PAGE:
However, often overlooked in our discussions of gospel issues are fundamental errors on the nature of creation, humanity, and sin. Such issues of anthropology (what C.S. Lewis referred to as the Tao, or the moral order of the universe recognized by all people) could also fall into the first-tier category. Paul explicitly says this when he mentions that “Christ died for our sins” as a matter of first importance. Similarly, the Bible points in this direction whenever it makes clear and manifest violations of the moral law grounds for excommunication from the church and exclusion from the kingdom (1 Corinthians 5–6; Galatians 5:22–23). These moral issues are not merely a matter of special revelation, but are universally known and binding through general revelation in creation and conscience.
But not only do such immoral practices place one outside the kingdom, but affirming and leading others to practice such things makes one a false teacher. Fundamental errors on the goodness of creation and the nature of marriage are treated as demonic teaching and departures from the faith (1 Timothy 4:1–5). The Bible condemns both those who accumulate such teachers to suit their own passions, as well as the teachers themselves (2 Timothy 4:3–4; 2 Timothy 3:6–9). Such people are disqualified from the faith and wander away into myths. And Paul’s condemnation of human sinfulness in Romans 1 not only pronounces judgment on those who practice what ought not to be done, but also those who “give approval to those who practice them” (Romans 1:32).
This means, in addition to the Trinity, Christology, and soteriology, fundamental errors about God’s good design in creation, about the basic nature of humanity, and about the identification of sin and violations of God’s moral law ought to be regarded as first-tier issues. Put more simply, some denials of natural revelation place one outside the kingdom.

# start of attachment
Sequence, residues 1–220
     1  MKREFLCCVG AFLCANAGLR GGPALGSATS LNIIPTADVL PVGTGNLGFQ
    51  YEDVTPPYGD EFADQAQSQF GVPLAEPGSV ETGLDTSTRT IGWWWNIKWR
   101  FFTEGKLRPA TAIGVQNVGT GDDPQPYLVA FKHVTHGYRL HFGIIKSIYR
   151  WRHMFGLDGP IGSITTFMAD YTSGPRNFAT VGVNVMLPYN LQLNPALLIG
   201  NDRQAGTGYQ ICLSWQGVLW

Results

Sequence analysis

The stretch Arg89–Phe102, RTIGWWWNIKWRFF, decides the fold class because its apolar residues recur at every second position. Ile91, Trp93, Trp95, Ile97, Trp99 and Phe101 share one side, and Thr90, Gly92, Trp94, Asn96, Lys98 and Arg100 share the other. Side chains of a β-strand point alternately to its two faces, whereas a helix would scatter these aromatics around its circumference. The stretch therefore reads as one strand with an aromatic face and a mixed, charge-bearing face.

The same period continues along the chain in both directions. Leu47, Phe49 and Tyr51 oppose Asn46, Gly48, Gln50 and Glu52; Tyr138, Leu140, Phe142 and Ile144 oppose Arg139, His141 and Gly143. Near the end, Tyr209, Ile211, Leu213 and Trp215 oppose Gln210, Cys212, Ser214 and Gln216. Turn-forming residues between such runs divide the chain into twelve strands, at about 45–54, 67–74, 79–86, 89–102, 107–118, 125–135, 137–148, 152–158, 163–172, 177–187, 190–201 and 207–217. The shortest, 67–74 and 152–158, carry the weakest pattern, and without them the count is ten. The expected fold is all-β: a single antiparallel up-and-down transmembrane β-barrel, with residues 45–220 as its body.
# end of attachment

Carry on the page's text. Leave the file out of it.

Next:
Second Tier: Are You Healthy?
Moving down a tier, other doctrines are essential for the body’s health. In fact, the Bible frequently speaks of “sound doctrine,” that is, healthy doctrine. And this is where the use of the body metaphor further refines our framework. Health is not simply an on-off switch; rather health is a spectrum and allows for a range of injuries, illnesses, and diseases. In particular, it allows us to distinguish second-tier errors by relative seriousness, by internal spread, and by transmissibility.
First, consider the relative seriousness of certain errors. Some doctrinal errors are the equivalent of a broken pinkie finger; the body is not fully healthy, but the injury is relatively minor. On the other hand, a broken femur or spine is potentially life-threatening.
Second, consider also diseases and illnesses that spread throughout the body and cause one’s health to deteriorate over time. Some errors, like the broken finger, are relatively isolated; it has little bearing on the rest of the body. Other errors, like cancer, spread throughout the body and are life-threatening.
Third, consider the transmissibility of the illness. Neither broken bones nor cancer is contagious. But colds, flu, and other diseases are. As Paul says, some teaching spreads like gangrene throughout the corporate body (2 Timothy 2:17). Or, to shift to one of our Lord’s metaphors, some teaching is like leaven which spreads throughout the whole loaf (Matthew 16:6–12; cf. 1 Corinthians 5:6–8; Galatians 5:9).
We can bring these three features together in a variety of ways. Some errors are like the common cold; they may be contagious, but they are minor. Others are like Ebola: highly contagious and deadly. Thus, it’s not enough to simply identify a doctrine as second-order; we must also triage the seriousness of the error, its growth and tendency to foster further error, and its potential to spread to others.
Frequently the deadly doctrines identified in the first-tier have milder counterparts at the second-tier. Thus, certain modifications to the doctrine of the Trinity, while not in themselves fatal, nevertheless have a tendency to erode the doctrine over time and produce bodily illness. The same would be true for certain imprecisions and errors in Christology. And while full-blown Pelagianism is fundamentally in contradiction to salvation by grace through faith, various forms of semi-Pelagianism make the body ill. In contrast to outright doctrinal denial, we might think of this as doctrinal erosion.
“The inspiration, authority, and inerrancy of the Scriptures functions as an immune system that helps the body fight off infection.”